Yvonne Strahovski does not do any better in the film. A scene between her and Pratt on the beach was supposed to be a heavy emotional scene, but it was cringeworthy and lacked the right emotion. Mary Lynn Rajskub and Mike Mitchell seemed to have walked onto The Tomorrow War set thinking they were in a different film. Every time they were onscreen (which thankfully was not too much) dragged me out of the movie.
This is all unfortunate because some of the supporting cast is actually really great in the film including Betty Gilpin, Ryan Kiera Armstrong and of course J.K. Simmons who is always great.
The script by Zach Dean is full of lines that were supposed to strike up bravado, but fall completely flat – and in some cases made me laugh out loud, like the line “The world doesn’t end on a schedule!” Outside of the lack of logic, the script is full of daddy issues.
There is a sequence late in the film that employs the science montage with the customary screen staring by characters as important science happens.
One good thing about The Tomorrow War is the score by Lorne Balfe. It has some memorable themes and works well with the imagery presented on screen.
Unfortunately, The Tomorrow War fails right as it gets out of the gate with its premise. It tries hard in the last part of the film to rectify some of the failures, but by then it is too late. I do not recommend The Tomorrow War, even if there’s nothing else to watch.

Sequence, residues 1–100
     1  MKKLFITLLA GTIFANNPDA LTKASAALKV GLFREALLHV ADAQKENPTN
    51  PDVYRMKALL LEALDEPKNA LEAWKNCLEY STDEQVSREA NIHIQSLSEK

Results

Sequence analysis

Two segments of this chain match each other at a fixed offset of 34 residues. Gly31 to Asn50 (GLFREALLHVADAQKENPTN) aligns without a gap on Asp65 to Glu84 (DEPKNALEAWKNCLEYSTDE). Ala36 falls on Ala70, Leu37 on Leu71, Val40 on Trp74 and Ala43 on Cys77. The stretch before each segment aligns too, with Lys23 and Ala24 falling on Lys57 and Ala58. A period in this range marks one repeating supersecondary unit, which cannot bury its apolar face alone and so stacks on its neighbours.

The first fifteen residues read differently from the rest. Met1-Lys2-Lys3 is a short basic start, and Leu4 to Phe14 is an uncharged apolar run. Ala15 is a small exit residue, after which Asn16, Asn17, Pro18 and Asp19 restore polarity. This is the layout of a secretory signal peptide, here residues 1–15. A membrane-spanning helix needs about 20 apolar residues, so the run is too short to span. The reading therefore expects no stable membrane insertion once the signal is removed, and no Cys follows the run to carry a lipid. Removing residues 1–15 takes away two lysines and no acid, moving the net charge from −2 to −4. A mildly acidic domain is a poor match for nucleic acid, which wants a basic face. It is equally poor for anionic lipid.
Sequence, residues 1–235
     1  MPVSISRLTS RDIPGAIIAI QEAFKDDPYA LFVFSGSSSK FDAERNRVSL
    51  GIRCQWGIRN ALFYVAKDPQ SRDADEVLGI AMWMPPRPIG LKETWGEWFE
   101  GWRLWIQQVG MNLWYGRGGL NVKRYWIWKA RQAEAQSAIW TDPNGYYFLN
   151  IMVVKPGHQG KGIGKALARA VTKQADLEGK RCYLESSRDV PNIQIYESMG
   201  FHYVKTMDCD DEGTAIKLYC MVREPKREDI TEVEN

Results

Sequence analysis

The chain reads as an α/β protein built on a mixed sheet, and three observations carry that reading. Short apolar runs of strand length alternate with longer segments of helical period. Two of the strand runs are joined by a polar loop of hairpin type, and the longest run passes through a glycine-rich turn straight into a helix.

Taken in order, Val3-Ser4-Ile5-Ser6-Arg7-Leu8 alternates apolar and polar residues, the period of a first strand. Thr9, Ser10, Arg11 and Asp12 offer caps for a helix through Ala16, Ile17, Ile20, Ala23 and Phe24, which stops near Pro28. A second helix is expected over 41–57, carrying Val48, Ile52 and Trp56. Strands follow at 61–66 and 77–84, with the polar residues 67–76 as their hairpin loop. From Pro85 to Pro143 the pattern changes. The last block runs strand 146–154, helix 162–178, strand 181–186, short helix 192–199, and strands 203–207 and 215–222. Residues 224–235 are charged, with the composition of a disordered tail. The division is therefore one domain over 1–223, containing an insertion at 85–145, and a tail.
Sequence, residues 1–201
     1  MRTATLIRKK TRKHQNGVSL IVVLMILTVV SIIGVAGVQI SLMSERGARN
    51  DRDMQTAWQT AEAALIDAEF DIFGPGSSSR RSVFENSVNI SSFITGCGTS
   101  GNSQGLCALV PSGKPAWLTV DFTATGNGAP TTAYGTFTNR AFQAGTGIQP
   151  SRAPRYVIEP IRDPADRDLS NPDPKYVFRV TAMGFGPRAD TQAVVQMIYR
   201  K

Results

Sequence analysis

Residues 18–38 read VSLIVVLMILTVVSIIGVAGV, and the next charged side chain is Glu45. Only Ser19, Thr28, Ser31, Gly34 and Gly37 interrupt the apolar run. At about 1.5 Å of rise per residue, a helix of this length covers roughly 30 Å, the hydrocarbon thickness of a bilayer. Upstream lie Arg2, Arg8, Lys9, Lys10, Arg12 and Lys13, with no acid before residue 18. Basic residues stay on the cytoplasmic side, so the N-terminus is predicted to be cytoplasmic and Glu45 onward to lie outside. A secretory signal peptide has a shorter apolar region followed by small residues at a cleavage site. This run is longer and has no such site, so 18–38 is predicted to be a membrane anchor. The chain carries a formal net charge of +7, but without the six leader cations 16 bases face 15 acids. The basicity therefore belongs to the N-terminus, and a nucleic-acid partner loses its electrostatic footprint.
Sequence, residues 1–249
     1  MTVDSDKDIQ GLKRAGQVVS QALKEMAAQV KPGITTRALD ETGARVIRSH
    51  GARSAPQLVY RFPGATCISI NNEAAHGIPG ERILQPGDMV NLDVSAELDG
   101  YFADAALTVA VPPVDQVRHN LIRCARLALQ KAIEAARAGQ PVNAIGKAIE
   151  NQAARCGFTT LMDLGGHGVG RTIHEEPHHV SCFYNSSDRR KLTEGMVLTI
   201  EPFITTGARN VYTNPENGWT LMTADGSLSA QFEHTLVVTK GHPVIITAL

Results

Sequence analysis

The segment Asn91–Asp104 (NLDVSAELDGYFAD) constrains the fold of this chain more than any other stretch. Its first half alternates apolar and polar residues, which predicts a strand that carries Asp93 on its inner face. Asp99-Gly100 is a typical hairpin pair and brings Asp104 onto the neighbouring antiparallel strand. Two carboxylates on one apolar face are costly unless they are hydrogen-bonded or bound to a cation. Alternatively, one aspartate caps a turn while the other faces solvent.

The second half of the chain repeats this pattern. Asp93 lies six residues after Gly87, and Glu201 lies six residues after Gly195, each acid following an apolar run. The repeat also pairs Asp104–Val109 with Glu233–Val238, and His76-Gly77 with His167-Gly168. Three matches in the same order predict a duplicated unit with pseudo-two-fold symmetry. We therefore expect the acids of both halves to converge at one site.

Watched at home, streamed on Amazon Prime Video.
The twist that Romeo Command (Yvonne Strahovski) is actually Dan’s daughter in the future was a nice reverse John Connor twist.
While in the future, Dan makes a big deal about leaving Muri to die if he takes toxin back to mass produce. Dan goes as far as vowing to bring the toxin back for mass production and then coming back to the future to “save” Muri. But really, that is not how it happens Dan. C’mon Dan, are you the only human on Earth that hasn’t seen Back to the Future? This last section of film in the future was infuriating. Not only did characters tell him where and when the aliens were first spotted, he also has the toxin to kill them all. Go home Dan, stop the invasion from the past so that the Muri of the future doesn’t have to suffer.
That was a really long seven minutes at the end in the future.
When Dan returns to the past, he gathers a rag tag group of people to go to Russia to find the aliens in an ice pack. They go there with a bunch of toxin, but also with enough C4 to vaporize a giant portion of the ice pack in order to find the aliens. When they go into the newly discovered ship, they don’t take inventory of how many aliens there are in stasis. They just go and try to inject aliens with the toxin – not knowing if there is enough. But, eventually the aliens awaken and the team needs to use another stash of C4 to vaporize the spaceship and rid the world of the aliens. This lack of logic was also infuriating. They came with C4 to blow up the place, why even bother with the injections? Plant the C4, vaporize the aliens.
What happens to the young people who were sent to the past once the alien ship was destroyed? Would they not disappear since their future just changed?
“Did you tell it to die?”